Priorities for the Japanese Economy in 2014 (January 2014)
The Year 2014 in the Japanese Economy's Medium-Term Management Plan
Senior Fellow, RIETI
In 2013, everyone felt a change in the economic mood of Japan. The economic climate was consistent in its recovery: share prices rose sharply and the yen traded at much lower rates. Driven by these macroeconomic conditions, many businesses reported record profits. The following is a discussion of the Japanese economy and policy in 2014 as part of medium-term trends, taking into account the events described above.
Businesses large enough to be listed on a stock exchange always have a medium-term management plan, which is an action plan for a period of about three to five years. To manage the economy, likewise, it is important to take a perspective that includes the medium-term flow of events, not just the immediate economic trends. For the Japanese economy, 2013 was the first actual year of "Abenomics," the economic policies of the Shinzo Abe administration. In principle, it was the first year in what a business would call its medium-term management plan. Abenomics is widely considered to have performed very well in 2013. However, we should not make a final judgment of it based on its first year. The final judgment will depend on the degree to which the government can carry out its medium-term management plan.
Interplay of policy and macroeconomy key to success of economic policies
The interplay between policy and the macroeconomy ultimately determines whether economic policies are successful. Policy significantly affects the macroeconomy. On the other hand, macroeconomic trends influence the direction of policy. When macroeconomic conditions are challenging, it is difficult in practice to carry out painful policies, no matter how much we know they are needed.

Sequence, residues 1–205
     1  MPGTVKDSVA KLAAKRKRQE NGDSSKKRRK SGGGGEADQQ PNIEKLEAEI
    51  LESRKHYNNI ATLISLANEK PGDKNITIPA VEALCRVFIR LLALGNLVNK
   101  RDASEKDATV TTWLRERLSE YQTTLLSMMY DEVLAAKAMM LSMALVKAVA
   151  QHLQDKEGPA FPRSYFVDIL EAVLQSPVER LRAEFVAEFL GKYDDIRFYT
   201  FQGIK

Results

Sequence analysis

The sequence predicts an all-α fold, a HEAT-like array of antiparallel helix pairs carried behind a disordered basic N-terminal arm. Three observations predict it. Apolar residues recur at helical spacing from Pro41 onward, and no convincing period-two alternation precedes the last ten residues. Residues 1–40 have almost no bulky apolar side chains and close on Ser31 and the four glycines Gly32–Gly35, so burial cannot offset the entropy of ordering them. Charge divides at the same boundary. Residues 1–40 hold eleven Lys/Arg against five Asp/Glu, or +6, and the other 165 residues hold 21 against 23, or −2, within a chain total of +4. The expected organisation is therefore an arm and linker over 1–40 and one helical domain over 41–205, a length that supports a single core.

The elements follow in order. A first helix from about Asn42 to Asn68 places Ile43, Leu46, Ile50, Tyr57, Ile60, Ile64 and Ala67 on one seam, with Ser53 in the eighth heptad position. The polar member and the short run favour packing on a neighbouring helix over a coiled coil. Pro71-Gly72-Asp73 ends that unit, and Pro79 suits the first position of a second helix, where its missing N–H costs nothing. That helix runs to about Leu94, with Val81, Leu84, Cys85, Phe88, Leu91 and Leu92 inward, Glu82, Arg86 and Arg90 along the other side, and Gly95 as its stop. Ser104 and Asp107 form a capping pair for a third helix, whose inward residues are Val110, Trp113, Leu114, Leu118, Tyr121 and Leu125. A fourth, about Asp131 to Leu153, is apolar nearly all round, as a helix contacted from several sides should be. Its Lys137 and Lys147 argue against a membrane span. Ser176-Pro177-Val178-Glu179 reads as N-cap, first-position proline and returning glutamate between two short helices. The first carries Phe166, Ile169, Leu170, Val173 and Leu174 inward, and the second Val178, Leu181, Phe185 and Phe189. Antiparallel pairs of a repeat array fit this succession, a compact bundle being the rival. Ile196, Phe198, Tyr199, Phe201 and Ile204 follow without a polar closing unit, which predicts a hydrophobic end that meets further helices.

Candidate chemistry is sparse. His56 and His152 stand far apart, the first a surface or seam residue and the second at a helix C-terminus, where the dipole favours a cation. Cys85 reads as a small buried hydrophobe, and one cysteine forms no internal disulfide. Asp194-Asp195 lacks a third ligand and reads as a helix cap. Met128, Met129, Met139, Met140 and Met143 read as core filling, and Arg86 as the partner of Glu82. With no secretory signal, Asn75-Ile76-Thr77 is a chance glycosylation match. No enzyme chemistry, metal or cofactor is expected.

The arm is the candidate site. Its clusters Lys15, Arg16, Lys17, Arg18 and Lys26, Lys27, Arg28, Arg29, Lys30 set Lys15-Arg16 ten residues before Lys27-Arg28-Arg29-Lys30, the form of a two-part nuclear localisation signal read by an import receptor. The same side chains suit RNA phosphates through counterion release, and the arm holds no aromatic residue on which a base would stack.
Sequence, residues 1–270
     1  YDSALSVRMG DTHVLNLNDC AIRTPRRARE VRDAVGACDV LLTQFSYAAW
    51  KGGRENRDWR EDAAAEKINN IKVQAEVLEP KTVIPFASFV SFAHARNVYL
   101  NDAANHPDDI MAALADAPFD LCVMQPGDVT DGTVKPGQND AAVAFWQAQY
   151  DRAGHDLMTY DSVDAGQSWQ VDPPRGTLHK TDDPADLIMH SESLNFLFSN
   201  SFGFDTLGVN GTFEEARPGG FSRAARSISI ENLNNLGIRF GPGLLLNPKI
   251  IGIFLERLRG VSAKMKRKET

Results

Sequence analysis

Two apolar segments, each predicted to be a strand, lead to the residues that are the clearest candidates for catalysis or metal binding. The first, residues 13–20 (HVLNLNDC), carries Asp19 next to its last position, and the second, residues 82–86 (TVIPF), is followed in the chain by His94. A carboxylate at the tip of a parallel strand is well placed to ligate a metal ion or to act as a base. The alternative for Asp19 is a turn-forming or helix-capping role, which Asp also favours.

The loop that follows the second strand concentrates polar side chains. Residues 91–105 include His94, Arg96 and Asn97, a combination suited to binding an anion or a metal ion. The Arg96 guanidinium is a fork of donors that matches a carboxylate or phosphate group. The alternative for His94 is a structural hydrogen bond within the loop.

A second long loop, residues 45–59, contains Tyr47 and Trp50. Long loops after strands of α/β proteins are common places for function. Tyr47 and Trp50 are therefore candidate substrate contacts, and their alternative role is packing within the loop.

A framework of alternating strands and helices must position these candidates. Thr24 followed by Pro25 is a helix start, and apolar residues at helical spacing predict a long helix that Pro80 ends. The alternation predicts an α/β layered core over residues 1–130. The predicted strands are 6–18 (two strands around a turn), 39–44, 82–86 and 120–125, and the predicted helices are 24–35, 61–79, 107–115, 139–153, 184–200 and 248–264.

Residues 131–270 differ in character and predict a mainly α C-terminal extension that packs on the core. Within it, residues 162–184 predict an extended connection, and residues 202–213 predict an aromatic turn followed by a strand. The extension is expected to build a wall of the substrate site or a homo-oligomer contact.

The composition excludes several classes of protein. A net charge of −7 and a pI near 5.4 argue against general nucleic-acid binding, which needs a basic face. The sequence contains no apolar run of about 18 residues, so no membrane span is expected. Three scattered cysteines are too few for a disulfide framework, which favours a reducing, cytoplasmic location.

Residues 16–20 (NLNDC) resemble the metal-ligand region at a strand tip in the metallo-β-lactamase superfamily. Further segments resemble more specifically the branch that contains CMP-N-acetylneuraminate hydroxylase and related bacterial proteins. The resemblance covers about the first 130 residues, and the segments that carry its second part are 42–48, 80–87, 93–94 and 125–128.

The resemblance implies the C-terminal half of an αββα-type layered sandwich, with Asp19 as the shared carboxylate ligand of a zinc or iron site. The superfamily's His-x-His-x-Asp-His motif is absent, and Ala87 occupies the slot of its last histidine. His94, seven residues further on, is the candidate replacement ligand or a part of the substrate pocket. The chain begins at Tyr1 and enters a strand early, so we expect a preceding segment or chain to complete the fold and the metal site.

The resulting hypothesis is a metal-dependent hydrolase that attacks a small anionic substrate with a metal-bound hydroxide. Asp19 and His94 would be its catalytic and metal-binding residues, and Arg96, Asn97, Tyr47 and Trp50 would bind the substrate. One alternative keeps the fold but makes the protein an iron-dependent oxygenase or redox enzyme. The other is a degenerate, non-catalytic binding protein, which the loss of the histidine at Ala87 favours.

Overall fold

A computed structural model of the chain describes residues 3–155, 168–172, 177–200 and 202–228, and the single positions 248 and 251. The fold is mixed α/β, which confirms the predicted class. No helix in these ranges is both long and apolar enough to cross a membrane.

In that sense, the medium-term management plan of Abenomics had a favorable year in which to begin. Certainly, Abenomics contributed more than a little to the upturn in the economy and market conditions in 2013. However, when we look back with a medium-term perspective, what we see is a series of force majeure negative shocks to the Japanese economy. In the autumn of 2008, it was the unprecedented "once-in-a-century" economic shock caused by the collapse of Lehman Brothers. In 2009 and the years since, the European debt crisis has continued to weigh down on the world economy. And, in 2011, the nation experienced the "once-in-a-millennium" Great East Japan Earthquake. The impacts of those events were starting to fade away in 2013, so, in a sense, the economy was already starting to right itself last year. The same could be said of the foreign exchange market and share prices.
Looking at it over the long term, moreover, 2013 was a good time for the economy to get back on the rising tide. Japan's economic bubble collapsed around 1990, leading to "two lost decades" for the nation's economy. However, the negatives from the bubble, such as the problem of bad debt, have largely been cleared away. Certainly, Abenomics, launched in such a favorable environment, boosted the economy. There are no "ifs" in history, but it seems likely that if the same policies had been carried out against a strong headwind, our impression of the results would be very different.